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In keeping with the way Russack recorded her two 2018 albums she made with fellow Melbourne musician and great friend Lachlan Denton, over a year with Liam Halliwell and Dylan Young on hand, each track on the album was recorded in one take and live to tape at Phaedra Studies and mixed immediately thereafter by John Lee. Hence, not only its rusticity and fragility but also its immediacy and authenticity.

Emma gave us a taste of the album in the single What Is Love? late in 2018. Recorded for the short film An Athlete Wrestling a Python, Emma writes about the simplicities of love, asking “What Is Love?”. During the song she asks, “is it borrowing a t-shirt?” or is it “reading over shoulders?”. It is many things! Apart from the personal lyrical content, the other prevalent thing in the song is the piano taking the lead. It also does soon the new single Winter Blues. The four-and-a-half-minute single is the album’s centrepiece. Incredibly subtle and incredibly beautiful, the song floats in a sombre key, intermittently dotted by Russack’s contemplations, “blame it on the winter blues”.

The piano is also showcased on the album’s quieter moments: Like the Wind, Horses and the album’s stunning finale Never Before.

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releases July 5th, 2019
Players: Liam Halliwell, Dylan Young, Emma Russack 

“What to do with a spud like you?” Melbourne post-punk wags Terry return this summer with their new EP ‘Who’s Terry?’ (July 19th). You can just make him out in his hobnail boots, peering from behind the sandwich board, wink, wink. Following on from last year’s huge-sounding ‘I’m Terry’ album, this third EP from the band brings you right up to date with their wobbly politico-pop.

Single from upcoming 7″ out through Upset the Rhythm soon..

If Jess Ribeiro can make a dud record we’re yet to see it. On this her third album, the darker, Australian gothic reverberations of Kill It Yourself are mostly gone, Ribeiro appears to be moving towards pop to detail the life cycle of love.  Ribeiro’s first two albums, My Little River (2012) and Kill It Yourself (2016) received a great deal of critical warmth but not a lot of exposure. The first was a dark acoustic folk-blues record with a minimum of instrumentation. Kill It Yourself, produced by former Bad Seed Mick Harvey, added strings and percussion, but still, the songs stood almost alone.

That they did is a testament to Ribeiro’s talent. But whereas those records are sepia-toned, Love Hate is an all-electric technicolour lunge towards pop, backed by guitarist Jade McInally and drummer Dave Mudie (the latter a member of Courtney Barnett’s touring band). The results are vibrant and clearly aimed at introducing the Melbourne singer-songwriter to a bigger audience.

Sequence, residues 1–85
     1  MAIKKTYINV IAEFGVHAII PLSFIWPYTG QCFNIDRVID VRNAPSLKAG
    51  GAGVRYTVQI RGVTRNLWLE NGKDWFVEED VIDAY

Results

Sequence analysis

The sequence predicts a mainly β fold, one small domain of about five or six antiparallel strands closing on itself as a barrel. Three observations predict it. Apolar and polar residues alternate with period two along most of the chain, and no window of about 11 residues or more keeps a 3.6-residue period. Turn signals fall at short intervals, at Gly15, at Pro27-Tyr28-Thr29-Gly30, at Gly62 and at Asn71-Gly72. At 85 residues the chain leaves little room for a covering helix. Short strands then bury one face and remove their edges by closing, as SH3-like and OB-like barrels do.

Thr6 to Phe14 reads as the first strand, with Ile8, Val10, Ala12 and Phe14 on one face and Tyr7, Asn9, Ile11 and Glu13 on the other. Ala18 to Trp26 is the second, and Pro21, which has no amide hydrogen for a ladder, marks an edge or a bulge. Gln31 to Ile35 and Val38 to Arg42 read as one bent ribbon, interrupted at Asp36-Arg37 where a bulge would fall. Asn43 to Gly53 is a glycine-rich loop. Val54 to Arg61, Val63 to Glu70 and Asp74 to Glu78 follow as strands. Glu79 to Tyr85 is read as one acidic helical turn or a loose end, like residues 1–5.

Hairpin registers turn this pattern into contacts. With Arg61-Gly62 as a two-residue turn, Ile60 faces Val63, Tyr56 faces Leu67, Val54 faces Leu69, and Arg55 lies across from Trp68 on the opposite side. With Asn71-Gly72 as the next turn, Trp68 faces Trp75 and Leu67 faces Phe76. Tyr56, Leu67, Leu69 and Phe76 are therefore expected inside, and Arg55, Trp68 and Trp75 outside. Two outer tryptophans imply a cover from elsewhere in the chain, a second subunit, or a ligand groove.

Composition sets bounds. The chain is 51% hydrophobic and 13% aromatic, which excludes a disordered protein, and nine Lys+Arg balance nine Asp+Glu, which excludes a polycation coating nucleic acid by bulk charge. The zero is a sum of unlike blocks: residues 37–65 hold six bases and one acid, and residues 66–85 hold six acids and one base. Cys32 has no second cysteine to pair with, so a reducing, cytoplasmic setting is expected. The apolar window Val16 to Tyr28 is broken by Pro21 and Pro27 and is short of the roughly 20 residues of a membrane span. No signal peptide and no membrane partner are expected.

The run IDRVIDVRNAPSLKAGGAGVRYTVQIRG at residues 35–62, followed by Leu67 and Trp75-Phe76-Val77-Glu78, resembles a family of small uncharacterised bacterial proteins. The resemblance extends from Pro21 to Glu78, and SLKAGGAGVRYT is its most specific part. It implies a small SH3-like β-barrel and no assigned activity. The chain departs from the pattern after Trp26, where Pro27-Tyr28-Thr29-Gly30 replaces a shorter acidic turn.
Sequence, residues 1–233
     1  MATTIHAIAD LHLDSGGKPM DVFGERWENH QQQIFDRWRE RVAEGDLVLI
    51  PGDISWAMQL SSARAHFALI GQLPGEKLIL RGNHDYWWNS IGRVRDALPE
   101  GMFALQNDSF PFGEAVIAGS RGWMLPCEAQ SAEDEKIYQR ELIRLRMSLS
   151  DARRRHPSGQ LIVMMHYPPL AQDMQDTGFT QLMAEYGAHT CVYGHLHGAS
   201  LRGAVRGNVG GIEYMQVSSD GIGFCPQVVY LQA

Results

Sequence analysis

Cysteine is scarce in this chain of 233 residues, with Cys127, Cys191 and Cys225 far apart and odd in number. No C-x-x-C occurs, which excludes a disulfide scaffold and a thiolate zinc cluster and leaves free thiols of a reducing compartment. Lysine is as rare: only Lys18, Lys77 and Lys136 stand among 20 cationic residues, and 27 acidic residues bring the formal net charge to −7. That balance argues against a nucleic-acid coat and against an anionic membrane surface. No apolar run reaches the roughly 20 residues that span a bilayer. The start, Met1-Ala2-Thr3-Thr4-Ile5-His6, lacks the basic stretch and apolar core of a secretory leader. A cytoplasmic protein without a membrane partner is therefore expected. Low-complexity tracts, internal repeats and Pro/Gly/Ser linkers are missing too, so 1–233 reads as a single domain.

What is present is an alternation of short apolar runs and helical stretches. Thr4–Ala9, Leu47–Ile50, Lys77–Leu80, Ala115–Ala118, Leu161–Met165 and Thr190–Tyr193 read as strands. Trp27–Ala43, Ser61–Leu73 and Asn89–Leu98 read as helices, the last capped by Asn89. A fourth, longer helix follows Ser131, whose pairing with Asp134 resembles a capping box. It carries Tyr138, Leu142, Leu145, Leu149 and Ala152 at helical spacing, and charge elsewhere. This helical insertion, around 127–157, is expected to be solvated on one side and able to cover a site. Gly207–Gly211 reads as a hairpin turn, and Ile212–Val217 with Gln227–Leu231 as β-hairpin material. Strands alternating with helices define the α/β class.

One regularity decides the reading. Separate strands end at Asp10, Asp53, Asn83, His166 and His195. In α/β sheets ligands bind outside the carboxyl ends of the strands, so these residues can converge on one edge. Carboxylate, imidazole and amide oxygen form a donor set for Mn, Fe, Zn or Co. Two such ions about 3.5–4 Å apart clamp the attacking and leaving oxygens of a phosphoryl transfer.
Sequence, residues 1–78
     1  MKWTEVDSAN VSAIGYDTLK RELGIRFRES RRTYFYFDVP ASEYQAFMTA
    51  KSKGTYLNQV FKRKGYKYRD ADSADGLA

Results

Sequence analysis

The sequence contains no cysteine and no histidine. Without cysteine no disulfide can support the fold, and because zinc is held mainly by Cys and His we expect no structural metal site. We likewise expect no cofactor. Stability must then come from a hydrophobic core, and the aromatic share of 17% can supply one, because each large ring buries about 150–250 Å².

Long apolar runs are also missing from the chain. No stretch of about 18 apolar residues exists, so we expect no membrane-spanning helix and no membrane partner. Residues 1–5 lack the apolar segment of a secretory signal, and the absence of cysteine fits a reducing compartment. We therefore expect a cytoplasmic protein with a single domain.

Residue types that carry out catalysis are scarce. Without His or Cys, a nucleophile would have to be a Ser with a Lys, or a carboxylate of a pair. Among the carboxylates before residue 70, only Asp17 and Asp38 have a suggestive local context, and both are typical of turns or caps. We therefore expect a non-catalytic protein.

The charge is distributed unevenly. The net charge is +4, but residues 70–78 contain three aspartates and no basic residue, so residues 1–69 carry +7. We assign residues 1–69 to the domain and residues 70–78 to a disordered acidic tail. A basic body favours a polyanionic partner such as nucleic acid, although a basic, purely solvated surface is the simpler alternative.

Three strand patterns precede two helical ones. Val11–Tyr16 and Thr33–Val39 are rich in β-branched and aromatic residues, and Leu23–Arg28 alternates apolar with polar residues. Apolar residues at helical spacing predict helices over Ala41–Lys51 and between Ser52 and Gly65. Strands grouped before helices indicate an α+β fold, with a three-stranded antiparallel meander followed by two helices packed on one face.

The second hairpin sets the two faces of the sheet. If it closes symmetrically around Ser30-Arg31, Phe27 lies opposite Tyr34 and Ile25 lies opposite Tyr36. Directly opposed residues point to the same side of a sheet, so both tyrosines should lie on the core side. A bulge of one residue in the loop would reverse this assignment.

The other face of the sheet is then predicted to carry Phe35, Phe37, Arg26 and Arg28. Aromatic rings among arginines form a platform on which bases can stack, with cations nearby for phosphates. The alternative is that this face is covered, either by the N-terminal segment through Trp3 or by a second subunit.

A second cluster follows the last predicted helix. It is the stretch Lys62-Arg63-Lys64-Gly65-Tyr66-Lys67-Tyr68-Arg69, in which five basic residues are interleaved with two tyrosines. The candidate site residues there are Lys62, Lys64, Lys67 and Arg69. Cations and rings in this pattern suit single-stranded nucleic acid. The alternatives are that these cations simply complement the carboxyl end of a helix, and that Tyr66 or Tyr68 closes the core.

A mess of emotions fuse together within love and hate, and Ribeiro has the scope to tackle all of them. Love Hate starts with the excitement and tension of a new crush, moving down through lust and contentment, anger and grief, detachment and acceptance. Each is examined through Ribero’s killer lyrics and an almost dissociative cool that only magnifies the peaks and troughs.

It’s not a strictly autobiographical album, but it is very true.

Named after opposing ends of emotional states, Jess Ribeiro‘s third album is however dedicated to extrapolating the in-betweens and nuances on which relationships can be built.

There are haunting shades and enticing textures which throw light on the side glances, sweaty palms and nervy awkwardness we sometimes wrestle with when a deep connection strikes.

Guitars waver and warble before joyously lifting off in ‘Stranger’, there’s the pulsing pensiveness of ‘Chair Stare’ and the expectant beat and sinewy synths of ‘Young Love’ make for a heady hormonal haze. Ribeiro easily jumps from sounding forlorn to alluring, from devotion to dejection, but always able to spare us a sly wink of the eye.

At all points LOVE HATE feels like a collection of characters and their tales of romantic intrigue told with a cinematic eye.

The bright spangles of guitar that burst through the dream-pop haze of opener (and single) Stranger, indicates Ribeiro is out to get your attention. Produced by New Zealander Ben Edwards, who has worked with Aldous Harding, Marlon Williams and Julia Jacklin, Love Hate is arguably more immediately arresting than any of their records.